The metabolic environment of disc cells is governed by the avascular nature of the tissue. Because cellular energy metabolism occurs mainly through glycolysis, the disc cells require glucose for survival and produce lactic acid at high rates. Oxygen is also necessary for cellular activity, although not for survival; its pathway of utilization is unclear. Because the tissues are avascular, disc cells depend on the blood supply at the margins of the discs for their nutrients. The nucleus and inner anulus of the disc are supplied by capillaries that arise in the vertebral bodies, penetrate the subchondral bone, and terminate at the bone-disc junction. Small molecules such as glucose and oxygen then reach the cells by diffusion under gradients established by the balance between the rate of transport through the tissue to the cells and the rate of cellular demand. Metabolites such as lactic acid are removed by the reverse pathway. The concentrations of nutrients farthest from the source of supply can thus be low; oxygen concentrations as low as 1% have been measured in the discs of healthy animals. Although gradients cannot be measured easily in humans, they can be calculated. Measured concentrations in surgical patients are in agreement with calculated values.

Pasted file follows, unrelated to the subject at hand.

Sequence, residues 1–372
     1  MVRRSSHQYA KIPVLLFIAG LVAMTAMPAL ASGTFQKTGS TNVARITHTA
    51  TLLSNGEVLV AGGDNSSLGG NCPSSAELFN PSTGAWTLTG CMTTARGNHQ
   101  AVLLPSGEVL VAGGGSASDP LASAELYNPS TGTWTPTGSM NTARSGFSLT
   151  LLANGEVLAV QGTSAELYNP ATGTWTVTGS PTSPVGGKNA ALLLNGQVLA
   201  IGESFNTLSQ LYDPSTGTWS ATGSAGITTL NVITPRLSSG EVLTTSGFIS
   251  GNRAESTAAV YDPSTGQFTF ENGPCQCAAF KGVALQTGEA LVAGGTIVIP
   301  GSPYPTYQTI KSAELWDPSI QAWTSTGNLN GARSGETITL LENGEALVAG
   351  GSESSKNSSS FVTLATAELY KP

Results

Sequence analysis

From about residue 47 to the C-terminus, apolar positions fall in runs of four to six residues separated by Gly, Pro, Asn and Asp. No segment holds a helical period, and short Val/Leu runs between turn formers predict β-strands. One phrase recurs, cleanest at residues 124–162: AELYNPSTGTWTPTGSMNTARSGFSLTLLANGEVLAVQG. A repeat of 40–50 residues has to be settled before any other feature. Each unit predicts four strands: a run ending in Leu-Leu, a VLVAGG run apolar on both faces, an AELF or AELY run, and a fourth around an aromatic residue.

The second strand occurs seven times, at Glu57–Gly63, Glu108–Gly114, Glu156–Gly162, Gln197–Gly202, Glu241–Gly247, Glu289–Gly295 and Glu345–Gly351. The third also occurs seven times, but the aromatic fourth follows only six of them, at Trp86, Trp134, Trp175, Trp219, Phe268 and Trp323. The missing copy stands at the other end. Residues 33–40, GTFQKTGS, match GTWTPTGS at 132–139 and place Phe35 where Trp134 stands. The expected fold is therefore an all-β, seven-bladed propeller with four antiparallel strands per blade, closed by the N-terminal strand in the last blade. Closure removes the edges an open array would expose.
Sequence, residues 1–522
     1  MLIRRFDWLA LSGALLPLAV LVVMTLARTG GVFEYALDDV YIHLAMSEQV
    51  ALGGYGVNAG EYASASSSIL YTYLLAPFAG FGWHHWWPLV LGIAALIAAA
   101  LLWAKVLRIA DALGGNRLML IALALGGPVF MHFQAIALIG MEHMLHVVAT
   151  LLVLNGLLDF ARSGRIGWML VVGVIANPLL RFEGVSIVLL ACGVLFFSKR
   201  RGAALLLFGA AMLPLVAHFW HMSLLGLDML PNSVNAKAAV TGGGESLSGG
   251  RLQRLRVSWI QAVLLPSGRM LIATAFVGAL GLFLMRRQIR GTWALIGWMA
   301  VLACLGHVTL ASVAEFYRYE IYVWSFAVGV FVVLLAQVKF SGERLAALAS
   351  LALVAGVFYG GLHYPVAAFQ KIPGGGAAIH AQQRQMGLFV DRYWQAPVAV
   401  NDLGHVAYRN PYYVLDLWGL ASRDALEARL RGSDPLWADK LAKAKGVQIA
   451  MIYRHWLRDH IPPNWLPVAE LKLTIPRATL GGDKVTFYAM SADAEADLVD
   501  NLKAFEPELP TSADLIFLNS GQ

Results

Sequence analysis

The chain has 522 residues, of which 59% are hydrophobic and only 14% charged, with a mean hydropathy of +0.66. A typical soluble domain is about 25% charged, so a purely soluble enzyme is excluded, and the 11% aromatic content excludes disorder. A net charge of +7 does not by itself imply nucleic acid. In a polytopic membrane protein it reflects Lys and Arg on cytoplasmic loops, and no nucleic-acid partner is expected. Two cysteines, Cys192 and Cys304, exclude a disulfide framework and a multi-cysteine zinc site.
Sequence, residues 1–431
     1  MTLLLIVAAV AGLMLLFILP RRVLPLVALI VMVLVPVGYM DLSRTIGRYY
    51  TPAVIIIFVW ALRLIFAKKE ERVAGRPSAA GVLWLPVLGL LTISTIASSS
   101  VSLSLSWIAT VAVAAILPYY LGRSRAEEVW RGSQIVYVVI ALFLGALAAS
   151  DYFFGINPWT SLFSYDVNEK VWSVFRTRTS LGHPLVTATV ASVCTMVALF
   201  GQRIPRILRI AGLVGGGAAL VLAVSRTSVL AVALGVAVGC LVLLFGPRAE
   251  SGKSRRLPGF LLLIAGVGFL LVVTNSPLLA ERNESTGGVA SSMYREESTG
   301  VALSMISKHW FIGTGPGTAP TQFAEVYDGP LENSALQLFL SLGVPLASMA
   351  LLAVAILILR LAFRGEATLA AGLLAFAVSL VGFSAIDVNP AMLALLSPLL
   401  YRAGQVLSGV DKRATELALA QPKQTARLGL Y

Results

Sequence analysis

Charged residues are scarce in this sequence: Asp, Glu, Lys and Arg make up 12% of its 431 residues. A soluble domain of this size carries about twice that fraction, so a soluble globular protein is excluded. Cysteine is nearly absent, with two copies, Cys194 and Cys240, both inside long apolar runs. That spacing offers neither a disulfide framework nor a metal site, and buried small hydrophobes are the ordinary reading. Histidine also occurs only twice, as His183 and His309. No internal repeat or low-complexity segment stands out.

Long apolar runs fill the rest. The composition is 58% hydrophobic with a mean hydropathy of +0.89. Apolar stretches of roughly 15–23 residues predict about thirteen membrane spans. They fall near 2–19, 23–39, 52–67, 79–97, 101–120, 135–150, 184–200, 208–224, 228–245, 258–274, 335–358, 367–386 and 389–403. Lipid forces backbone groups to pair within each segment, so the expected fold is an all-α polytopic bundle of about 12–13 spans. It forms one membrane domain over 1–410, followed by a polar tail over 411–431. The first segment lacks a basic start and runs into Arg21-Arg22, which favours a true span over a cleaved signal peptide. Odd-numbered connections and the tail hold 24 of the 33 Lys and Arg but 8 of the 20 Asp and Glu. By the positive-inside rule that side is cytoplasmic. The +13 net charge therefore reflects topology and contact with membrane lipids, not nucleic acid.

Download Full PDF Version (Non-Commercial Use)